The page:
Photo by Matt Stensland
Sweet Pea Market employee Adam Gray mans the cash register at the business' Mainstreet Farmers Market booth Saturday. The event ended this weekend.
Monday, September 14, 2009
Steamboat Springs This year's Mainstreet Farmers Market was a success, according to vendors who participated in the annual event held in downtown Steamboat Springs.
"Summer was awesome - totally wonderful," Cindy Ladue, of RedClay Handcrafted Designs, said Saturday. She said she was able to add to her offerings to attract repeat customers in her second year at the event. "Even with the economy, I've done double what I did last year. But I have so much more variety."
Mainstreet Executive Director Tracy Barnett said the farmers market instituted some changes this year, which was the fifth for the market.
This year's event started a week earlier and ended a week later than last year's, Barnett said. And she said the starting time was pushed back an hour to 9 a.m. for the event that lasts until 2 p.m. Barnett said those changes helped contribute to the most successful year the farmers market has had to date.
"There were a lot more vendors this year," she said. "It's grown every year. This year was the biggest."
She said the event averaged 55 vendors on Saturdays between June 13 and Sept. 12, up from about 50 last year.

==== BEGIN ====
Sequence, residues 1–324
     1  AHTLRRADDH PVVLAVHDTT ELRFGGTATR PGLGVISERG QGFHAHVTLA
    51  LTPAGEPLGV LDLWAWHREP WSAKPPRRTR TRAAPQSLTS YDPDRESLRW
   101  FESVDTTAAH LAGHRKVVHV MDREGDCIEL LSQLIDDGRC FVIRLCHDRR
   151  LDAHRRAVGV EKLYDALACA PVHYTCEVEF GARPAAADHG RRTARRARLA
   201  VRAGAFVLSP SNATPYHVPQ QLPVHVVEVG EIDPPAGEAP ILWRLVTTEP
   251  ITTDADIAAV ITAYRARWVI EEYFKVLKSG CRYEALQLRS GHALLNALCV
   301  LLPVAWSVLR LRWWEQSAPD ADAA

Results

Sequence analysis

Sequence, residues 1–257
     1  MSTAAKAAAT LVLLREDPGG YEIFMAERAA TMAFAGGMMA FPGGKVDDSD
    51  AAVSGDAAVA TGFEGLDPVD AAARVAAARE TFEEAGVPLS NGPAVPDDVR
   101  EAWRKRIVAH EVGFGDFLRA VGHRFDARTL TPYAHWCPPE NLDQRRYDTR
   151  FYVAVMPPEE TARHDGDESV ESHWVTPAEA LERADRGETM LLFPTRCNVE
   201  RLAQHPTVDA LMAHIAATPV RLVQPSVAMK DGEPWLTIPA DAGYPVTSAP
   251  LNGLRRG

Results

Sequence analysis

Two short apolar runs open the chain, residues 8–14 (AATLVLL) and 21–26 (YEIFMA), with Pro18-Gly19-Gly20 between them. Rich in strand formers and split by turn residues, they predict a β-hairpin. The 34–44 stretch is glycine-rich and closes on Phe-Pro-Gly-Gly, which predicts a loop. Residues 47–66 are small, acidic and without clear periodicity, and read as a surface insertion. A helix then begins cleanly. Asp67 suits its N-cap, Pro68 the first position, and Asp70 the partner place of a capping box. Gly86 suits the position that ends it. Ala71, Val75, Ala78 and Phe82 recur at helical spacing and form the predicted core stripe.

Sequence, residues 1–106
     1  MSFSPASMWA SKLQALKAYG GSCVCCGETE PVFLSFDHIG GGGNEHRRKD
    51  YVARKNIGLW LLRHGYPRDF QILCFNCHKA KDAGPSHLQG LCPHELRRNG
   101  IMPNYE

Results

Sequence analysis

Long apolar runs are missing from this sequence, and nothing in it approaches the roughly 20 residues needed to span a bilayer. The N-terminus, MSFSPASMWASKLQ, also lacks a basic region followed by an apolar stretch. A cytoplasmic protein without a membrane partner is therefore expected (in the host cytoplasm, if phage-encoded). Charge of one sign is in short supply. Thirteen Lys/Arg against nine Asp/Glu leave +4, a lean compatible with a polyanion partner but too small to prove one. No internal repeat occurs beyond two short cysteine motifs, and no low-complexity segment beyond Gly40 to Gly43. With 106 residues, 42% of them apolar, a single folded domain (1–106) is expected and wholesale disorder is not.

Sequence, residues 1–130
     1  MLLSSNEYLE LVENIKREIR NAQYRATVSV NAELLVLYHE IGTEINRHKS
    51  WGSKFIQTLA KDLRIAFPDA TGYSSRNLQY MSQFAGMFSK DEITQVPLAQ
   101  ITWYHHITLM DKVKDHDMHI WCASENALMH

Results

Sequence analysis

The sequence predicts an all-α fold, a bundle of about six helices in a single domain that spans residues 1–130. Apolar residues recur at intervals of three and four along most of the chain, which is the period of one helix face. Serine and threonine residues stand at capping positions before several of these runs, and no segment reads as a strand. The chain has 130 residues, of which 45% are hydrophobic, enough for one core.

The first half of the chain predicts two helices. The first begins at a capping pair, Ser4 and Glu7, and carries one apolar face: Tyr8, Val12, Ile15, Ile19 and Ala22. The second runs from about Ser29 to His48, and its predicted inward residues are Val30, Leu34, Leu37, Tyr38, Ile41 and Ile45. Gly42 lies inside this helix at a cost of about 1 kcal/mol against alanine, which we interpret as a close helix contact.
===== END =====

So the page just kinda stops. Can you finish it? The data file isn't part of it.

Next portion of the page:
Barnett added that twice, on July 4 and Sept. 5 (Labor Day weekend), the Farmers Market reached capacity with 63 vendors. That included more food vendors than ever before, which was a goal this year, she said.
Juliann Poma, who manned the Sweet Pea organic produce stand Saturday, said the entire summer was a success for them and that the fact the weather cooperated each weekend didn't hurt. She said it was Sweet Pea's first year participating and that the stand would be back again next year.
"It's such a good atmosphere - the mix between locals and out-of-towners," said Poma, who added that the stand sold a lot of produce this year.
Some area businesspeople also said they benefited from the farmers market.
Paula Salky, of All That Jazz, said she thought it was a positive thing for the community and had become a destination event on Saturdays. Because of the benefits it brought to the business, Salky said she wished it went on longer and started sooner.
"Anytime an activity brings people downtown, it brings people into our stores and restaurants," she said. "If we didn't have the Farmers Market, I don't think we'd have that traffic on Saturdays."
But not all nearby businesses were able to generate sales from Farmers Market patrons.
Traci Dobbins, a bartender and manager at Old Town Pub, which is adjacent to the event site on Sixth Street, said the restaurant began offering a Saturday brunch to attract some of the Farmers Market visitors. But she said it didn't work.
"We didn't get any spillover business," Dobbins said. "We expected to, but because of the food out there, it wasn't what we expected. Everyone ate, got full and left."
Reporter Brandon Gee contributed to this story.